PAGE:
News Posts List

Financial Literacy: What To Do with One’s TSP or 401(k) Plan (Part 2)


Financial Literacy: What To Do with One’s TSP or 401(k) Plan (Part 2)

By CAPT Arnold Lim, USN (Ret)

The Intercom’s Financial Literacy column of May, 2021, contained a survey on areas of interest to members. One topic submitted to us was the options that one has on Thrift Savings Plan (TSP) withdrawals. Specific questions were what options exist for withdrawing money or rolling over money to an Individual Retirement Account (IRA) for more flexibility. This article is the second of two parts that attempts to succinctly address those questions.

In the first part, we discussed the options that one has. In this second part, we review reasons to roll over and also not roll over your 401(k) type plan to an IRA. Note: We generically use the term “401(k) type,” versus the multiple types of retirement plans: TSP, 401(k), 403(b), 457, etc.

Reasons NOT to Roll over your 401(k) type to an IRA

  1. The Age 55 Rule
  2. Possible to forego taking distributions

For the Age 55 rule, if one separates on or after age 55 years old from your employer and one wants to make a withdrawal, one is not subject to the 10% penalty for any withdrawal from that 401(k) type; one would just have to pay the ordinary income taxes, but one avoids the 10% penalty (unlike for taking withdrawals from IRAs if one’s age is at least 59 years old).

If one is still working at age 72 years old or older (when one would normally then need to start to take Required Minimum Distributions (RMDs) for a traditional IRA), one does not have to take distributions from a 401(k) type plan.

Reasons to Roll over your 401(k) type to an IRA

  1. Access to more or better investment options.
  2. Fees
  3. IRAs tend to be easier to track.
  4. Required Minimum Distributions
  5. Consolidation

401(k) type plan’s investment options (e.g., mutual funds) are usually very limited in number (e.g., 6 – 40 options). But an institution that one picks to hold your IRA could have thousands to choose from. Also, one may likely be eligible for financial advice to construct a portfolio; manage one’s risk; financial planning.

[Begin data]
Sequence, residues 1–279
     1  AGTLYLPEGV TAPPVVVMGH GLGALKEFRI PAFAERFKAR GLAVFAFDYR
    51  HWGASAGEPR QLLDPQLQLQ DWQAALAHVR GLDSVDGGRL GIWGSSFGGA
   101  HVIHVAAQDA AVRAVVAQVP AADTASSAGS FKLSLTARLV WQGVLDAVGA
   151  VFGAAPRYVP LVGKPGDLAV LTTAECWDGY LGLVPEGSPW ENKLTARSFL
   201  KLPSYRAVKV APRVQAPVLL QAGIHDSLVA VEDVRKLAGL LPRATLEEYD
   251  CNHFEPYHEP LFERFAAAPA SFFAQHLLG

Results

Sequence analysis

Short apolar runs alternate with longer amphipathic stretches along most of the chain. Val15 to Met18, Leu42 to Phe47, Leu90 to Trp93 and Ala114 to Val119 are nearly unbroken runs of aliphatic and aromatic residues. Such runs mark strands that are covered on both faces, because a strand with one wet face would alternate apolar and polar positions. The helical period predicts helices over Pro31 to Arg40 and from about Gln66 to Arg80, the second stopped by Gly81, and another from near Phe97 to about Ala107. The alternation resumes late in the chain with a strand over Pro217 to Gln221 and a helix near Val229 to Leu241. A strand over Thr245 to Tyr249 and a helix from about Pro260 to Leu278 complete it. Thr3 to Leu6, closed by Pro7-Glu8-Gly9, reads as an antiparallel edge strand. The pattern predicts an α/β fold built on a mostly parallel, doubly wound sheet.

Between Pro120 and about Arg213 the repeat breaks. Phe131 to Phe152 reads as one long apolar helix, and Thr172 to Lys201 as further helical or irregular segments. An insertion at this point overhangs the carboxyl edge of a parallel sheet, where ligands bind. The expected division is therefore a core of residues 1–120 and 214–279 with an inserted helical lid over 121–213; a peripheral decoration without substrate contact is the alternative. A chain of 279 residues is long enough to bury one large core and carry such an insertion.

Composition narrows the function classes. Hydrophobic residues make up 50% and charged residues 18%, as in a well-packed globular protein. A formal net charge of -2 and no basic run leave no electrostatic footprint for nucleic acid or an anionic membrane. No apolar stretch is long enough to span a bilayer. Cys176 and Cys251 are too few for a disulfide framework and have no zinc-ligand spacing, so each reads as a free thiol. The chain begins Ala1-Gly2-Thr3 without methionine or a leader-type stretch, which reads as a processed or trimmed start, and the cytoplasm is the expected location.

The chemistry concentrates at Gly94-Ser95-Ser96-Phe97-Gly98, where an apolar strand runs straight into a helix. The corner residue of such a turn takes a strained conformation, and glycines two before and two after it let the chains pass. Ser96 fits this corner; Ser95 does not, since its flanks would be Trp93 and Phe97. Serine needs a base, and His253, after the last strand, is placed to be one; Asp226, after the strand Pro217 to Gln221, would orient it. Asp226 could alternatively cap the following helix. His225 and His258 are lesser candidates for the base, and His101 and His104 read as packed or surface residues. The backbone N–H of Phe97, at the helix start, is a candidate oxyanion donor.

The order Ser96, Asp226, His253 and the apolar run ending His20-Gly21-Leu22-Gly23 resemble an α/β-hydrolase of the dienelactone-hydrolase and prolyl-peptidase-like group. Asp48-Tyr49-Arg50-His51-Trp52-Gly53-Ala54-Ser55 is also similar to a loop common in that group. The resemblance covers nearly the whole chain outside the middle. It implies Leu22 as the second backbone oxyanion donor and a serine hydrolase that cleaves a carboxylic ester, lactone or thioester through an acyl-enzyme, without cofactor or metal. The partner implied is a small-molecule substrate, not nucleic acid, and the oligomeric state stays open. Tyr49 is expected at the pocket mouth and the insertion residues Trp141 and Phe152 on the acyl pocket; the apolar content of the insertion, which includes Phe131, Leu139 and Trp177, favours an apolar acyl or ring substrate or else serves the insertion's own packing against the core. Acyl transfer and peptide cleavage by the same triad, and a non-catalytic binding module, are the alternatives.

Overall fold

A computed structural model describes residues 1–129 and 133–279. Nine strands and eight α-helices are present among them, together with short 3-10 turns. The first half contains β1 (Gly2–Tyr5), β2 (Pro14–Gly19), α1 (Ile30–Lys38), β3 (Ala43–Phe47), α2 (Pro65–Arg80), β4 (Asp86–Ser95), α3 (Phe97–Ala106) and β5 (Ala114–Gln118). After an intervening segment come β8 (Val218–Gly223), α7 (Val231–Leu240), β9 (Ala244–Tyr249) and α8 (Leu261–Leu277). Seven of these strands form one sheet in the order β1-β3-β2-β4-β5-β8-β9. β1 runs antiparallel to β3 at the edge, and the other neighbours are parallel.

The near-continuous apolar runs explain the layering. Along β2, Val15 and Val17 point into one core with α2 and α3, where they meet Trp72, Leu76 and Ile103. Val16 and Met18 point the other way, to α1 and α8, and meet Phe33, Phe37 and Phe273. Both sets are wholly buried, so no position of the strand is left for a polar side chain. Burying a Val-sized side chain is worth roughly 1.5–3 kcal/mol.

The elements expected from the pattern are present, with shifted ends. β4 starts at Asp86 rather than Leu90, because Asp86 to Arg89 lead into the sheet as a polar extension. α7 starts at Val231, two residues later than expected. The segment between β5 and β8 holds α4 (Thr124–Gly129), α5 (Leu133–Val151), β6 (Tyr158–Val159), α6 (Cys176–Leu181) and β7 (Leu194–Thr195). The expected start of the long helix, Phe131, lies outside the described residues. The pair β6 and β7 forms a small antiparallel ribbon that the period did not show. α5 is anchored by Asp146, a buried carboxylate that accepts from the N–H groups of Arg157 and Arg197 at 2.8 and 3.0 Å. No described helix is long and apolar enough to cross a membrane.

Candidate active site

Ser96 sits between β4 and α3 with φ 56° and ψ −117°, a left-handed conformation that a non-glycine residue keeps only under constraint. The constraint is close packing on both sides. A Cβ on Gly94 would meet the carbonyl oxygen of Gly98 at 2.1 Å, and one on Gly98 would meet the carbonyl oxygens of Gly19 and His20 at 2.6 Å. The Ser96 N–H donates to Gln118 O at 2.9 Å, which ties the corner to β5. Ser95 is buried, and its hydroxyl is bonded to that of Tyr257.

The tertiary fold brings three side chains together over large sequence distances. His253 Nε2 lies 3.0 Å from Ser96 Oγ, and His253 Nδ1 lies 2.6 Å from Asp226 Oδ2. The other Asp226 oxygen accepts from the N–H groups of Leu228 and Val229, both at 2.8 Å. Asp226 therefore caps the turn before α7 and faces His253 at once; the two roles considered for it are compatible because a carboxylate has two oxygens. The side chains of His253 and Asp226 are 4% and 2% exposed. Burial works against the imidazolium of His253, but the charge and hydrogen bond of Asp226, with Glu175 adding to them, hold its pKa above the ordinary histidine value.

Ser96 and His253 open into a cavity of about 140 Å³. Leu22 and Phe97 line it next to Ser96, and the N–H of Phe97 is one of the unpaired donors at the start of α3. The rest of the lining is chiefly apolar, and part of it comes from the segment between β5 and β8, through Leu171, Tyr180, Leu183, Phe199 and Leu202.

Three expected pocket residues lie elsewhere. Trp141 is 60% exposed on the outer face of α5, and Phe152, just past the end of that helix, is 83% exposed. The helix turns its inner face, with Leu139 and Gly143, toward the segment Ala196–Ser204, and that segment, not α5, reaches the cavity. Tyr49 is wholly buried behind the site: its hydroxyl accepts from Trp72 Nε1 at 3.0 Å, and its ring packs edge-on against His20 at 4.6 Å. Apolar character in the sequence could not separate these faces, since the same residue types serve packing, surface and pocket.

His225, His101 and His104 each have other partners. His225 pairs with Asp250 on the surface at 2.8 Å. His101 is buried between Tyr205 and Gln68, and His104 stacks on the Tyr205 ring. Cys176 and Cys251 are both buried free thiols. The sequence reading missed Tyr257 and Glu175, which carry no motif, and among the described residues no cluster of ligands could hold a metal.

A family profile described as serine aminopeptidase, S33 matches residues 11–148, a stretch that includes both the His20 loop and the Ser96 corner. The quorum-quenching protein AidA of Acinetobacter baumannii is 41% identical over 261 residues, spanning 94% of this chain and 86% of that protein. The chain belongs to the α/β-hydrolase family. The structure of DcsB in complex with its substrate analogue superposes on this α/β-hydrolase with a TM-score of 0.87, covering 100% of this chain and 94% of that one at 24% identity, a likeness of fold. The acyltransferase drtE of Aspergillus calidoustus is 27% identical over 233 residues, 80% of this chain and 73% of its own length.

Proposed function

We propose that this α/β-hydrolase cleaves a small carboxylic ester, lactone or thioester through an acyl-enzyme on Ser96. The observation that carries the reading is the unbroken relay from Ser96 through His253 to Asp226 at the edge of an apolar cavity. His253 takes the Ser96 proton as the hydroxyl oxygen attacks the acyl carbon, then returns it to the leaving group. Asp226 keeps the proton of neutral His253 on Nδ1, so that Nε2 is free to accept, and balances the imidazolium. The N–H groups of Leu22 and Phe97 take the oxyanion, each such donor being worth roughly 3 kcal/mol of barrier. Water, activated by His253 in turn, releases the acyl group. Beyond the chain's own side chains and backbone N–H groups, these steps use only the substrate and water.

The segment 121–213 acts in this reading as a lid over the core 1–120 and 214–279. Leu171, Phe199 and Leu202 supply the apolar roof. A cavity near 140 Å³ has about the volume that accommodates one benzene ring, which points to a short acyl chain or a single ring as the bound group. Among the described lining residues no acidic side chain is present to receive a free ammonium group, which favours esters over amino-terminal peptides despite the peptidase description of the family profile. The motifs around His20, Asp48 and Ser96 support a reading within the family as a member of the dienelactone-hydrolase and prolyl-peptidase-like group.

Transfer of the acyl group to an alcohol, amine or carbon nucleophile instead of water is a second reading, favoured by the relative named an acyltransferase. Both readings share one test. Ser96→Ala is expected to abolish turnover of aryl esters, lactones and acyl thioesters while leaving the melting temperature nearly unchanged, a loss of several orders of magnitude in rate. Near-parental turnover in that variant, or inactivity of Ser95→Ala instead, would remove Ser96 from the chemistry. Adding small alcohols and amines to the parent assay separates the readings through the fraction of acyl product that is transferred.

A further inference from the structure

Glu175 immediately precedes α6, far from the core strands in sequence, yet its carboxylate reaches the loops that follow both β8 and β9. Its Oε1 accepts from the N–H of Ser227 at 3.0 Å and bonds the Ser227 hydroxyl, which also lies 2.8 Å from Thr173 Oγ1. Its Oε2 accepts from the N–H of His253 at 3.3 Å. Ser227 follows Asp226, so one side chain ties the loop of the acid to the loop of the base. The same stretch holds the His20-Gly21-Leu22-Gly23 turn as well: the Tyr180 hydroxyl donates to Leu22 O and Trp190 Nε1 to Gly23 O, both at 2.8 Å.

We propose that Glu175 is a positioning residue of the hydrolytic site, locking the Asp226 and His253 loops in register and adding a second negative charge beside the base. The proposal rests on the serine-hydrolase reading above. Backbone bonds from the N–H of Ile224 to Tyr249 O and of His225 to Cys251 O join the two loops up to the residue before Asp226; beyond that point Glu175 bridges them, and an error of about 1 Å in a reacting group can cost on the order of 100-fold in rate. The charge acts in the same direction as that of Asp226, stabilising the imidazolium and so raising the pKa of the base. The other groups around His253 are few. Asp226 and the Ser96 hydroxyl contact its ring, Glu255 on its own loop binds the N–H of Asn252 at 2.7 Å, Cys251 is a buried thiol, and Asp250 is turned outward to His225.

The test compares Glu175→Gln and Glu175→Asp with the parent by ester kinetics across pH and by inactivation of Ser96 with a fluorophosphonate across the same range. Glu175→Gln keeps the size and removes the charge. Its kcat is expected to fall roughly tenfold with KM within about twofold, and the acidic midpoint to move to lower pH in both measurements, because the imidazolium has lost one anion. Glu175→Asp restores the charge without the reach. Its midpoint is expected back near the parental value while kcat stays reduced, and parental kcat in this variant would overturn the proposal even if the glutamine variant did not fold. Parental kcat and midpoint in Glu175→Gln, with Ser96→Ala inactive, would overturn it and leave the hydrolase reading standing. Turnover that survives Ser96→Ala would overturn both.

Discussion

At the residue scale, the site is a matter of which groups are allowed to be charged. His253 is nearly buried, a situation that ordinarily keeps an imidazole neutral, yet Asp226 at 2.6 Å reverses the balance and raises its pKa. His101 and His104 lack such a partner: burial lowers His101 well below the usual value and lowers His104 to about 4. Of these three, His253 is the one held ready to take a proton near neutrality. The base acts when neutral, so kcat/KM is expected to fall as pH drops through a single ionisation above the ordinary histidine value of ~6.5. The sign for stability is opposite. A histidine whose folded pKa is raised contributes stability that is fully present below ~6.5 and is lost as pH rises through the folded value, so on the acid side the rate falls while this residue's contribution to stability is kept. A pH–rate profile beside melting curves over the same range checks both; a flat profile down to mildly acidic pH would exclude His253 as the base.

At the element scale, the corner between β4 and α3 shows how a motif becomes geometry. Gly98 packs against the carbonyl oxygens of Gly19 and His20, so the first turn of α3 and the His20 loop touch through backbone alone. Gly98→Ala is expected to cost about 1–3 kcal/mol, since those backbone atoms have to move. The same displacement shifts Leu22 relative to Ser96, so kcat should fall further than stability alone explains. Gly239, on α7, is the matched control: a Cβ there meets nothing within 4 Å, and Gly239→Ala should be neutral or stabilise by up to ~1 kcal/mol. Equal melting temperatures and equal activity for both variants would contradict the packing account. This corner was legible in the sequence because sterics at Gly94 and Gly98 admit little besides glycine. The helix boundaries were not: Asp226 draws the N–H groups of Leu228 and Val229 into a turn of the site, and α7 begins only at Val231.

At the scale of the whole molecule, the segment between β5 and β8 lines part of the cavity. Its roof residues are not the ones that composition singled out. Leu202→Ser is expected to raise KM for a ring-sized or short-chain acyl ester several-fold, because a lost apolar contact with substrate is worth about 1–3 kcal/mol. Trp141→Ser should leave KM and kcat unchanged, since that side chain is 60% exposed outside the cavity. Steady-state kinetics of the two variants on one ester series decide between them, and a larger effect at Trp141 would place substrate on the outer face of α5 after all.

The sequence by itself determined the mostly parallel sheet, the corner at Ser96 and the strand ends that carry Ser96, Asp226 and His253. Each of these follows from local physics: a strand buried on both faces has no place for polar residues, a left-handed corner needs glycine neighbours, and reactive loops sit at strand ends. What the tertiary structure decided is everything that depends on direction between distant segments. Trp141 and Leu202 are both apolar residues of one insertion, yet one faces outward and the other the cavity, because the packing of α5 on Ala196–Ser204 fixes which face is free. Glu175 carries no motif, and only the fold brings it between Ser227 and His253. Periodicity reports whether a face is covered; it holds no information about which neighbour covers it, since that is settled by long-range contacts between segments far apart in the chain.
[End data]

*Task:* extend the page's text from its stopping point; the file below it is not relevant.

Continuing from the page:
A 401(k) type plan’s fees, especially those sponsored by smaller companies, can be relatively high. Large corporations can possibly get institutional pricing for fund options, which have lower fees. As always, individual investments for index funds tend to have lower fees than actively managed funds.

Some investment options within 401(k) types are unique to those retirement plans, meaning that a fund’s net asset value (NAV) is not readily available from most news sites. On the other hand, ticker symbols and their NAVs for funds within an IRA would nominally be available at multiple websites and thus their values would be more easily trackable.

More flexibility exists for RMDs if one has multiple IRA accounts versus multiple 401(k) types. For example, if one has five traditional IRA accounts, when one reaches age 72 and needs to execute RMD’s, after calculating the total RMD dollar amount, one can withdraw that RMD dollar amount from just a single IRA account or from multiple accounts; it is your choice on which specific IRA(s) to withdraw from. However, if one has five traditional 401(k) types (presumably from five separate employers during your lifetime), one would need to take at least that RMD percentage from each of the five 401(K) type accounts, not just one or some subset. IRAs and 401(k) type RMDs need to be administered separately. Why the confusing difference in RMDs? Ask the IRS.

Also, one should consider further performing what is known as a Roth IRA conversion, to convert money from a traditional IRA to a Roth IRA, where no RMDs are required and the funds grow tax-free (vs just tax-deferred). But Roth IRA conversions are certainly a large topic worthy of its own discussion in a future article.

If one consolidates, one will have a smaller number of accounts (IRAs) that one has to deal with. An argument can certainly be made that this eases management activities like rebalancing one’s accounts to meet a desired asset allocation.

In summary, one has lots of options when considering what to do with funds in a 401(k) type when one retires/leaves a company. Certainly, discussing these options with a financial planner may be very much worth the cost, but knowledge is always key. Happy investing!

Neon CRM by Neon One